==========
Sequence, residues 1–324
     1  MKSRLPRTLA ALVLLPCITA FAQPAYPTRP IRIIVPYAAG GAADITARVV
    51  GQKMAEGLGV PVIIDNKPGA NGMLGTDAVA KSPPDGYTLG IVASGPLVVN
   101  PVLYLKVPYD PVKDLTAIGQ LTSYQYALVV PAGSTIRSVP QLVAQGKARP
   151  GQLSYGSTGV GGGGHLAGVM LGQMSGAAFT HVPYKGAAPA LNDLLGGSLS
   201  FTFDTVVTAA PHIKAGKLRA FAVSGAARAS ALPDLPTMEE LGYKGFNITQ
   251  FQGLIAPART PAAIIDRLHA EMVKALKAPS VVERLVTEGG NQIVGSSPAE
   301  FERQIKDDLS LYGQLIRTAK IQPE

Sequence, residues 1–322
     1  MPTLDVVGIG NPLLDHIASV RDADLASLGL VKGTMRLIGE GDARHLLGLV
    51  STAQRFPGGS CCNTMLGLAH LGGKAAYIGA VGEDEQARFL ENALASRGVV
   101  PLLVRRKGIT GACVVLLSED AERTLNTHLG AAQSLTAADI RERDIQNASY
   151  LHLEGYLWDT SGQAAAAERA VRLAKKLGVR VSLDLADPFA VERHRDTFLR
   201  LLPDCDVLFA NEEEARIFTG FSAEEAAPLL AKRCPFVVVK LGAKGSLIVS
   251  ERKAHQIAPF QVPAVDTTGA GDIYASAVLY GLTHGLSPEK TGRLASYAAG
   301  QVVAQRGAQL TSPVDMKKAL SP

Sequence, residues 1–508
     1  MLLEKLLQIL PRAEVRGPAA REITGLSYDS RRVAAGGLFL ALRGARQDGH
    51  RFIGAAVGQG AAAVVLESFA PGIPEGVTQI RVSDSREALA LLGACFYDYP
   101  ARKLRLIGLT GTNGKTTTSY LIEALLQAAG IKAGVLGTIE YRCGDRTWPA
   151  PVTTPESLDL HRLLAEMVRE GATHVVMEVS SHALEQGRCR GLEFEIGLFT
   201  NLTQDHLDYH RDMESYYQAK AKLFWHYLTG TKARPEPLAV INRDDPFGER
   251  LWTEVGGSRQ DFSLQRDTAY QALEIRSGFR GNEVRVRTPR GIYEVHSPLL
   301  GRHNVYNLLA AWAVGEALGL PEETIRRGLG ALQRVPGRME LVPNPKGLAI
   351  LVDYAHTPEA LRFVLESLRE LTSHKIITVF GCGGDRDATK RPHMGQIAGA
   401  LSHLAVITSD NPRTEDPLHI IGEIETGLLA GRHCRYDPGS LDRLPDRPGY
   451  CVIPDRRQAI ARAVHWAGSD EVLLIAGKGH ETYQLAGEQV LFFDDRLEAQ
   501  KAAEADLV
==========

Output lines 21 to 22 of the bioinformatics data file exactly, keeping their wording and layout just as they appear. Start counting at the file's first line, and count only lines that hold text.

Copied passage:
   151  PVTTPESLDL HRLLAEMVRE GATHVVMEVS SHALEQGRCR GLEFEIGLFT
   201  NLTQDHLDYH RDMESYYQAK AKLFWHYLTG TKARPEPLAV INRDDPFGER